There’s a unique kinship between Brandon Beaver and Trevor Walker – a pair of veteran UW safeties making their return from knee injuries. They’re among the few holdovers from the previous coaching regime who made their collegiate debuts in 2013.

Share story

There’s a unique kinship between Brandon Beaver and Trevor Walker – a pair of veteran Washington Huskies safeties making their return from knee injuries.

They’re among the few holdovers from the previous coaching regime who made their collegiate debuts in 2013. They slowly found success in UW’s new defense before injuries derailed their careers.

During their absence, the once-thin secondary developed into the deepest position on the top-ranked defense in the Pac-12 last season.

That’s good news for the Huskies, but Beaver and Walker won’t have an easy time finding playing time in a crowded defensive backfield.

“We’re going to see this unbelievably competitive training camp where we have the deepest safety unit I’ve ever coached,” said Jimmy Lake, UW’s co-defensive coordinator and secondary coach.

Junior Budda Baker, an All-America candidate, and sophomore JoJo McIntosh are slated to start at the two safety spots with junior Ezekiel Turner, freshman Taylor Rapp and Beaver and Walker competing for backup duties.

“I feel like we got a lot of players that could start pretty much anywhere,” said Walker, a 5-foot-11, 180-pound junior. “We’ll display it this season.”

Walker redshirted in 2015 after tearing his ACL in October 2014 against Arizona State. Before the injury, he started three games and played in all eight contests.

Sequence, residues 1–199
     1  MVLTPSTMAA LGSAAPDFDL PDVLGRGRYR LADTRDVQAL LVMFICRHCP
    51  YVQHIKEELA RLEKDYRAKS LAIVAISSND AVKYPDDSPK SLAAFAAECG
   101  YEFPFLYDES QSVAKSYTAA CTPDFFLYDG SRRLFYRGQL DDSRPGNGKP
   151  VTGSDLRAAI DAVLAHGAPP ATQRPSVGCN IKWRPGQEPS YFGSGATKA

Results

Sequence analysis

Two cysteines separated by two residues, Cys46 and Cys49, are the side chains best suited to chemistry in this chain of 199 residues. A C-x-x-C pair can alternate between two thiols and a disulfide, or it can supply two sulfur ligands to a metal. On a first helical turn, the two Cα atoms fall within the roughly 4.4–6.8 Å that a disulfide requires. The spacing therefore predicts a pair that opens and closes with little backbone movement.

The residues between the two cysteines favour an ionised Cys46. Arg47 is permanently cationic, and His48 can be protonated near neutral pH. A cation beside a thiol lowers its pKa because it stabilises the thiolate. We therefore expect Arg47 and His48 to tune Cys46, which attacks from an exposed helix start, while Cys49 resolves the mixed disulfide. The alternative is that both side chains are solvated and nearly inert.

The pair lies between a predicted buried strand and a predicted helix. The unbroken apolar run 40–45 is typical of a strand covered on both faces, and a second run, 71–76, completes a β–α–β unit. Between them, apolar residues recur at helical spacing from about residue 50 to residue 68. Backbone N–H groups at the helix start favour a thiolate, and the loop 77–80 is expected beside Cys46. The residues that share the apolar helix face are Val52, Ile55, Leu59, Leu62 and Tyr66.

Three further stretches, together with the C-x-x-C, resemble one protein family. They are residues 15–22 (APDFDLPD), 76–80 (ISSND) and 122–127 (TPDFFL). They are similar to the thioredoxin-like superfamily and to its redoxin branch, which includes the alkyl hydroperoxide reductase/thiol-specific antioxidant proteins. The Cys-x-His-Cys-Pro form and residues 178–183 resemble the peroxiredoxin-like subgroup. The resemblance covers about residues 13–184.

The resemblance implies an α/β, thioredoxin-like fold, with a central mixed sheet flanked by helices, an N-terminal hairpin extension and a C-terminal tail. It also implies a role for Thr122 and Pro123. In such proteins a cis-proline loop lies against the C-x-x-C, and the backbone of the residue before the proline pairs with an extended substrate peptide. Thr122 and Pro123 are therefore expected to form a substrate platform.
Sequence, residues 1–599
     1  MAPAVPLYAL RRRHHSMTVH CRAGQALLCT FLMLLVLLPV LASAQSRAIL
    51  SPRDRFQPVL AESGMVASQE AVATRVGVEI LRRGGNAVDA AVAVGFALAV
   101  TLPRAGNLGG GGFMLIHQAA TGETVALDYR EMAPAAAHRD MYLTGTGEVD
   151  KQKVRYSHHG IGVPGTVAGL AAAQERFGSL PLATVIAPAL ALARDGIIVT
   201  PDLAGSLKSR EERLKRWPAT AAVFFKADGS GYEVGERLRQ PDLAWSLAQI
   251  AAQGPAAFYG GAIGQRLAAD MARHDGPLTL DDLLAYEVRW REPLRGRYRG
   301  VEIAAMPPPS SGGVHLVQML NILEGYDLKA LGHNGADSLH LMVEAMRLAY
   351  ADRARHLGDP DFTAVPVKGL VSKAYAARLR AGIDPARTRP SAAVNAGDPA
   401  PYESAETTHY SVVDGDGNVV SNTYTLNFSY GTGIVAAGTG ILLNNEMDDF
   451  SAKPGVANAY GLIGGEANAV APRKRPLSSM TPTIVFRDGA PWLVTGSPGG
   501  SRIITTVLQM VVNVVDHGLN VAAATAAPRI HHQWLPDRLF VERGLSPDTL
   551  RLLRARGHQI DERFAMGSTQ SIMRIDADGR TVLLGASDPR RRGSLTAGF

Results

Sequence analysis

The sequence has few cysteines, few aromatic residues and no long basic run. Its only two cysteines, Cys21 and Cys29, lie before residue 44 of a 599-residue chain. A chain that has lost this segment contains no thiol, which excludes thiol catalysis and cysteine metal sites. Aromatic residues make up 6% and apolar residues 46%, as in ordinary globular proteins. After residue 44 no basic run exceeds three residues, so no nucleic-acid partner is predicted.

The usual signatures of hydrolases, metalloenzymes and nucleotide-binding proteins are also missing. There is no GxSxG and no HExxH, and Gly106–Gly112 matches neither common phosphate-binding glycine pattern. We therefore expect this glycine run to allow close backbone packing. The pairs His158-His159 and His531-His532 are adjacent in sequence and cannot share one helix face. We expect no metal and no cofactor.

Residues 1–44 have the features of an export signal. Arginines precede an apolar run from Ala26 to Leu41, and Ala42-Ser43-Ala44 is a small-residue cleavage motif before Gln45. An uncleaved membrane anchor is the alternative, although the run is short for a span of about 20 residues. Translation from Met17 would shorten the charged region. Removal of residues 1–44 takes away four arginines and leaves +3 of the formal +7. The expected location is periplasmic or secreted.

“I was pretty depressed honestly just because during my sophomore year I was working towards reaching a certain spot on the team,” Walker said. “I moved up in the depth chart and as soon as they had me starting, I ended up tearing my ACL on the second play of the game.

“You can only imagine what I was feeling. … But I just tried to make the most of it. I’m pretty much ready to go this year.”

It’s been a long layoff for Walker and a relatively short 10-month recovery for Beaver, who suffered a season-ending ACL tear last year on Oct. 17 during a 26-20 loss to Oregon.

“I feel good,” said Beaver, a 6-foot, 180-pound senior. “I just wanted to feel as strong and as good as possible coming into camp my senior year.

“I still have to ice three times a day. I got to take care of it and stay on top of it. Sometimes it gets sore, but for the most part if I stay on top of it I’m pretty good.”

Beaver said the birth of his son, Brandon Jr., on Dec. 23, 2015 provided extra motivation to make a full recovery.

“He’s always in the back of my mind,” Beaver said. “When I’m in school or working out, I was always thinking about him so I can set a good example. I got my degree (in American Ethnic Studies), so I can show him that when I get older.

“I can just tell him that even when I got hurt, I still fought back and I’m trying to shine my senior year.”

Lake admits it’s a good problem trying to find playing time for UW’s defensive backs.

“I’m very, very confident in our depth and I have a lot of confidence in this crew,” he said.

Coach Chris Petersen noted injuries have been commonplace in the secondary.

“You have to have a lot of guys there because you’re going to go through them,” he said. “For whatever reason, it’s the position that seems to need a lot of players. So we don’t worry about that; we’re going to need them all.”

Taylor and Beaver are slotted as major contributors on the special teams, but both are hoping to reprise their once-promising roles in the secondary.

“We’ll see what happens,” Lake said. “It’s going to be a competitive training camp. I always tell my guys, I’m an equal-opportunity employer. The best player is going to play.”